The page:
I hate bargaining. I want to ask a price, be told what it is, and decide if I want to pay for it. It’s a personal thing. I understand that it’s cultural to bargain. Some people love to bargain. Heck, my mother will bargain at Macy’s. Luckily, those people were on my trip and they could bargain for me at the shuks.
The streets of Israel and Egypt are lined with outdoor shopping called ‘shuks’. Personally, I found the ones in Israel to be full of touristy stuff that I didn’t really need to bring home. Visually, it’s more than an eyeful.
Need a pot, coffee maker, dates or olives?
They tried to get me to buy this for ‘going to disco’. I briefly considered it for Halloween. But, thought better of it.
Spices! How cool is that??
Costume jewelry and leather goods in the shuk. The jewelry is made in the Bedouin style. Using coins and semi precious stones and beads.
Pomegranate juice making inside the walls of Old City of Jerusalem
This last bit is from Egypt. During ancient civilizations, only the kings and queens could have their names written (in hieroglyphics) in a circle. The circle symbolized eternal life or reincarnation. I had this one made for about $20 with my name (not that I believe in reincarnation but, it looked pretty cool).
I flew into Luxor at 4:00 a.m. on Saturday and was again out the door by 9:00 a.m. for sightseeing and work meetings. I don’t remember much of the sites. I’m sorry. I was so tired at this point I was pounding back Turkish coffee like it was water. And it was hot. Miserably hot. Estimates were 105 to 110 degrees. Israel was pleasant and warm, mid 80s. This, was an oven.
So quickly, Luxor has two thirds of the antiquities in Egypt. What is in Cairo is nothing in comparison. It’s known for it’s temples built by the kings. The temples were only used by the royal family. They were gilded with gold on top so ships coming in would see that there was temple and the land was protected by the various gods.
There are loads of cool hieroglyphics. It’s also pretty obvious where the design for the Washington Monument came from.
To give you a sense of scale, that’s me standing next to a broken obelisk. It’s huge.
Don’t worry dedicated sewing readers. I have maybe two or three more posts about my trip and then I’ll be back to my fabric, sewing, vintage machine obsession.
To be honest with you, I was so busy leading up to my trip that I didn’t focus too much on the Egypt / sightseeing portion. I got in to Cairo around 3:00 a.m on Friday morning and was out the door at 8:00 to do the tourist thing. And let me tell you, it’s AMAZING!!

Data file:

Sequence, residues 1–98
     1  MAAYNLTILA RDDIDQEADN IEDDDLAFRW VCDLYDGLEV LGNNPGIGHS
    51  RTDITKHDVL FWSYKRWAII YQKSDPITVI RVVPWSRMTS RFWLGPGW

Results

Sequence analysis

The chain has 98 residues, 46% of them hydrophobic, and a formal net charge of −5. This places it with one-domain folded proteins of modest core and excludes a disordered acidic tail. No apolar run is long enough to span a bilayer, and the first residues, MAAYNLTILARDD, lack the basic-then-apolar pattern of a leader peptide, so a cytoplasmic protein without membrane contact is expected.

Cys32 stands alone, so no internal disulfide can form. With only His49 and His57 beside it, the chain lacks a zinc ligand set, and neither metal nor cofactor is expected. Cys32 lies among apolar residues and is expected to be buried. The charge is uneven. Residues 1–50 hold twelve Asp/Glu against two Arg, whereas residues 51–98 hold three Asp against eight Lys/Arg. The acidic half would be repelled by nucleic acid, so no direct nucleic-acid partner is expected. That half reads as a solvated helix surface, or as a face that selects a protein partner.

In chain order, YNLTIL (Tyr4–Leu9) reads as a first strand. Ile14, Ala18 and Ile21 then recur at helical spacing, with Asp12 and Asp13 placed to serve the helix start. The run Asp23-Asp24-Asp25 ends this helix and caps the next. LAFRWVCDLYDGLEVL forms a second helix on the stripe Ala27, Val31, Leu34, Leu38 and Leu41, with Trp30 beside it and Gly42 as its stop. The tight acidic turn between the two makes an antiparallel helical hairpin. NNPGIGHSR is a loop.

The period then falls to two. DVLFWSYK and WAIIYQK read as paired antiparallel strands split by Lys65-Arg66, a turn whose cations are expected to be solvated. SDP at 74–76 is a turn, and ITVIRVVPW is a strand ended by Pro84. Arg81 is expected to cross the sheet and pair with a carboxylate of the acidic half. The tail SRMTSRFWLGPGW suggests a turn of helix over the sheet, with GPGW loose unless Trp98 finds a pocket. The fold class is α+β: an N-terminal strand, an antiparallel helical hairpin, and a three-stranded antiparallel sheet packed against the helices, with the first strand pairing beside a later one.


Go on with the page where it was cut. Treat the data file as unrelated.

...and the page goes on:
The three ‘main’ Giza pyramids are so much bigger than I imagined. Almost 400 feet tall! That’s me on the sitting on just the first level. Each block is almost as tall as I am. The other shot is trying to shoot up the pyramid.
You can of course also buy cheap and tacky gifts about five feet away from the Giza pyramids. That and KFC and Pizza Hut. I’m not kidding. I don’t have a photo but the tourism side didn’t keep up with the development side in Cairo. So apartments, stores, banks and restaurants are in viewing distance and less than 1/4 of a mile from the pyramids.
Then again, it’s so ancient and old I guess you get used to it? I feel like I remember things being really close to to sites in Florence too.
This little pyramid (on the right) behind the main three was built for a pharohs wife to be buried with him. This way when he crossed over, he could take her with him.
I cannot express to you how neat it is to see something like these pyramids. Wait until you see the temples and sphinx avenue from Luxor!
For once, I showed some fabric shopping restraint. Between travel time and work, I really only had about two hours in Cairo to seek out the world famous Egyptian cotton. While I was making my way down to the Wikalit al -banah market where I had seen stalls upon stalls of fabric to be had, I stumbled across this:
Yeah, that’s right, a Burda fabric store!! It was a few streets away from my hotel. It was a thrill to buy some gorgeous wools at $5 a yard! So, I got just three pieces and called it a day for my fabric shopping.
After this little purchase (pink/grey herringbone, slate blue windowpane plaid and a coordinating solid blue), I decided to skip the market.
Shay, I didn’t make it out to Na Cha lot /Benyamin St in Tel Aviv. My flight was moved up several hours and there just wasn’t enough time after flying back into Israel from Cairo 🙁
Between the three pairs (yeah, that’s right, three) of boots I bought in Israel and other clothes from Egypt, I honestly didn’t have any more space in my luggage.
On another note, did you know that Arabic numbers are different than our Latin based figures? I had to go shopping with a cheat sheet to figure out what things cost!